EGU2020-19740, updated on 12 Jun 2020
EGU General Assembly 2020
© Author(s) 2020. This work is distributed under
the Creative Commons Attribution 4.0 License.

Antarctic ice dynamics - from deep past to deep future

Ricarda Winkelmann1,2, Torsten Albrecht1, Julius Garbe1,2, Jonathan Donges1,3, and Anders Levermann1,2,4
Ricarda Winkelmann et al.
  • 1Potsdam Institute for Climate Impact Research, Potsdam, Germany (
  • 2Institute of Physics and Astronomy, University of Potsdam, Potsdam, Germany
  • 3Stockholm Resilience Centre, Stockholm University, Stockholm, Sweden
  • 4Lamont-Doherty Earth Observatory, Columbia University, New York, USA

The Antarctic Ice Sheet has undergone extensive retreat and re-advance in its glacial-interglacial history. With progressing anthropogenic climate change, the associated ice dynamics and feedbacks could further lead to persistent and potentially irreversible ice loss from Antarctic drainage basins in the future.

Process-based models, in combination with paleo and modern records, provide the tools to reconstruct the glacial-interglacial history of the Antarctic Ice Sheet, to improve our understanding of the involved processes and critical thresholds, and to better anticipate possible future pathways.

Here we present simulations of the Antarctic Ice Sheet over the past two glacial cycles using the Parallel Ice Sheet Model PISM. As the conditions in particular at the base of the ice sheet are weakly constrained, and proxy data for the climatic forcing over the last glacial cycles is sparse, we assess the sensitivity of the model response with respect to the choice of boundary conditions. We further conduct an ensemble analysis in order to systematically constrain uncertainties with respect to representative model parameters associated with ice dynamics, climatic forcing, basal sliding and bed deformation.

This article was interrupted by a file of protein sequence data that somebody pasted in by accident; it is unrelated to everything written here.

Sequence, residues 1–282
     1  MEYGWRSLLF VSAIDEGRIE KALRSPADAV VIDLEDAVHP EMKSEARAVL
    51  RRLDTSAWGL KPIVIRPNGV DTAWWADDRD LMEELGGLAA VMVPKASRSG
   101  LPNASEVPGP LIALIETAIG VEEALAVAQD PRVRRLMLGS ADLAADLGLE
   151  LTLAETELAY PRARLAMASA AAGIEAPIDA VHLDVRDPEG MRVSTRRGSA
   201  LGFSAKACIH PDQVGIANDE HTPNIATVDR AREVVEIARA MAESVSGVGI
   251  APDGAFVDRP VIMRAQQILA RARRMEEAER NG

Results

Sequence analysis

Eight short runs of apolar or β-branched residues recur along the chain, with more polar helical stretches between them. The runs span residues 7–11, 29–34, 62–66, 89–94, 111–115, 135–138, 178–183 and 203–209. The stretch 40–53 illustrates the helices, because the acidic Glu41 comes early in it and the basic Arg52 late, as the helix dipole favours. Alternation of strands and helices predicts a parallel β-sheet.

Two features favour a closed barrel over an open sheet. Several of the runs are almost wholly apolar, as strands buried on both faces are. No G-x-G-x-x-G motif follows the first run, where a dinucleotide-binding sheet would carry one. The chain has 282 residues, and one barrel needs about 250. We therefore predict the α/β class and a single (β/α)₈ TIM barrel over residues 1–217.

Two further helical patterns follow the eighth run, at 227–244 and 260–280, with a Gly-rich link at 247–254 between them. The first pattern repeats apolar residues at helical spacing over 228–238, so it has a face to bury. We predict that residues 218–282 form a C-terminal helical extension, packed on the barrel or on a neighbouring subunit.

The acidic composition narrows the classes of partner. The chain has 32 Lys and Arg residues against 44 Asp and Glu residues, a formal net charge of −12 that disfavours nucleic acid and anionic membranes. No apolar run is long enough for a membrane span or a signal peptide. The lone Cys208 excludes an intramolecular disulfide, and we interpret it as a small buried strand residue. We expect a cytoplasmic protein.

Based on the insights into the dynamic threshold behavior and estimates of the ice sheet’s contributions to global sea-level changes in the past, we investigate the long-term future stability of the Antarctic Ice Sheet under different levels of global warming. We show that the ice sheet exhibits a multitude of temperature thresholds beyond which ice loss into the ocean becomes irreversible. Each of these thresholds gives rise to hysteresis behavior, meaning that the currently observed ice-sheet configuration cannot be regained even if temperatures were to be reversed to their present-day levels.

How to cite: Winkelmann, R., Albrecht, T., Garbe, J., Donges, J., and Levermann, A.: Antarctic ice dynamics - from deep past to deep future, EGU General Assembly 2020, Online, 4–8 May 2020, EGU2020-19740,, 2020


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